“I believe that there’s so much more to college athletics than winning and losing,” Utterback said. “So often how our sports are judged is simply based on whether or not a student can put a ball through a hoop or whether or not a team wins. But then there are the things that matter in life — like the retention rate of students and the graduation rate of students — things that are never looked at. That’s what I appreciate about what Dr. Mills has developed. It looks at all of the things that are important.”

Utterback also said he appreciated the “flexibility” of Mills’s evaluation system. For example, Mills said he believed other community colleges could use his method but alter the weight they give to variables like regular season winning percentage and graduation rate of players as they see fit. Mills said he likes there to be a balance between athletic and academic success when judging a coach’s performance.

“Athletics is about competition,” Mills said. “If you’re in a situation where you have the resources to be successful, then you should be successful. You should win championships and graduate kids. You do it in a high-character way. Both are important. There are people in athletics who are just about winning and there are people in athletics who are just about graduating kids. The purest form of athletics is for the people that are striving for both.”

Mills's coaches and others who have heard about the coaching evaluation system have mixed reactions. Some administrators who heard Mills and Utterback present on the system at the annual meeting of the American Association of Community Colleges, which took place last month in New Orleans, complained that the system would not be a fair judge of their part-time coaches, many of whom are unpaid and do not have other connections to the institution. (Seminole State is a rarity among community colleges in that many of its coaches are also full-time instructors or staff members.) Even Mills himself said that one of his coaches, upon hearing of the new “accountability index,” asked him, “What score do I have to get so that I’m not fired?”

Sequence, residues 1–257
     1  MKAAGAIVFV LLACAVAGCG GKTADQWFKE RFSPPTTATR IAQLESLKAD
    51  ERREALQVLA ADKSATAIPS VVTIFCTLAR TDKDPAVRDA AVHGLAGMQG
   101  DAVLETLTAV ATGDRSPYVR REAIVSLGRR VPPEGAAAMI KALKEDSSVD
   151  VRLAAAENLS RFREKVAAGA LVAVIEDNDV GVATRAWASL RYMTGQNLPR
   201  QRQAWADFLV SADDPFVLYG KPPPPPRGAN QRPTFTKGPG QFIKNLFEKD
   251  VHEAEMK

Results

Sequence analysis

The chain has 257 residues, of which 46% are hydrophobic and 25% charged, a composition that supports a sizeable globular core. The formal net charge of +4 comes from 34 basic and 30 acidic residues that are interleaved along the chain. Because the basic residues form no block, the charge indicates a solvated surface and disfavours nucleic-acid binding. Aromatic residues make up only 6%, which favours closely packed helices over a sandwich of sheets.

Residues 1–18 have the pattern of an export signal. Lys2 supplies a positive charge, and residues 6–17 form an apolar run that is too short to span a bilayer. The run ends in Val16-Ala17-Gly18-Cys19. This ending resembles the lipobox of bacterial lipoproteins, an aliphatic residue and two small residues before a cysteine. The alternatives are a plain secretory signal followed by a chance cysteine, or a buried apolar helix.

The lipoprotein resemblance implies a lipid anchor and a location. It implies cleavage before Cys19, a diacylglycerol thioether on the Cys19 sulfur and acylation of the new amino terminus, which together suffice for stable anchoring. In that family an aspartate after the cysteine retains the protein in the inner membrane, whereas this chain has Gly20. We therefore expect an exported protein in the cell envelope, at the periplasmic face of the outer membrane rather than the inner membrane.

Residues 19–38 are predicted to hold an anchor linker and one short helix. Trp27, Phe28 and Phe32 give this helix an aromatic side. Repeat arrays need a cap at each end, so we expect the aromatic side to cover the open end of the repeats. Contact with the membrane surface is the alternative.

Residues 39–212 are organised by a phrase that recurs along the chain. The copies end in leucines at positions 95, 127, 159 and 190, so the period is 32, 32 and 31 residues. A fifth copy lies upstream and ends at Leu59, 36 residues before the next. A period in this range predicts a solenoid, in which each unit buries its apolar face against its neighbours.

“There’s not a magical score that will get them fired or have them keep their job,” Utterback said. “But, if their overall score was going down for a three-to-five-year period, then that might tell us something…. We want head coaches that desire what we desire, and that includes making sure students go to class and graduate.”

Mills admitted he is still “working out the kinks” in his system but said, ideally, he would like for his coaches to maintain an average score above 5 and “consistently in the 6 or 7 range.” This is the third year the accountability index is being used at Seminole State, and Mills said he hopes to look at the three-year averages of his coaches and tweak it for future use after this academic year is finished.

Mills said he has not yet calculated longitudinal “accountability index” scores for his coaches or graduation rates for his athletes. Still, he hopes that implementing this system improves student outcomes at Seminole State.

Mills and Utterback both said they would be in favor of governing bodies like the NJCAA requiring that community colleges track the academic progress of their athletes via their coaches. Though Seminole State’s method is attracting some attention from some national community college athletics officials, it is unclear whether such an accountability system would ever be mandated.

“I think Dr. Mills has come up with a very logical and effective approach to evaluating his athletic program,” Mary Ellen Leicht, executive director of the NJCAA, who was on hand for Mills’s presentation at AACC, wrote in an e-mail to Inside Higher Ed. “It takes into account not only the success of the coach/program at the competitive level but also factors in the academic achievements of the student-athlete.”

Still, Leicht added that every program has “its own definition of success.” And though she wrote that Mills's evaluation system “would be welcomed at other two-year institutions,” she noted that it would not be “fair to assume his model would fit perfectly at every two-year college.”

NJCAA membership has repeatedly voted down attempts for academic reporting requirements of its institutions and strengthening its eligibility requirements — suggestions that outside critics, including those at the four-year level who are wary of accepting community college transfer athletes, have long advocated. Leicht, however, noted that “the NJCAA is continually looking at the association’s academic and athletic requirement so as to provide the best possible access to higher education for our student-athletes.” But she also expressed some anxiety about top-down mandates from the NJCAA.

“At a two-year college … not every student-athlete who walks in the door is looking to graduate,” Leicht wrote. “Some are in certificate programs while others may be returning to school for retraining. Because the NJCAA does not have an age limit currently, we see many student-athletes who are not what would be considered traditional age. I think we need to be careful about labeling what is considered ‘successful’ at the two-year college level but do believe programs will be asked to justify their level of success (however they choose to define success) based upon objective data in the future.”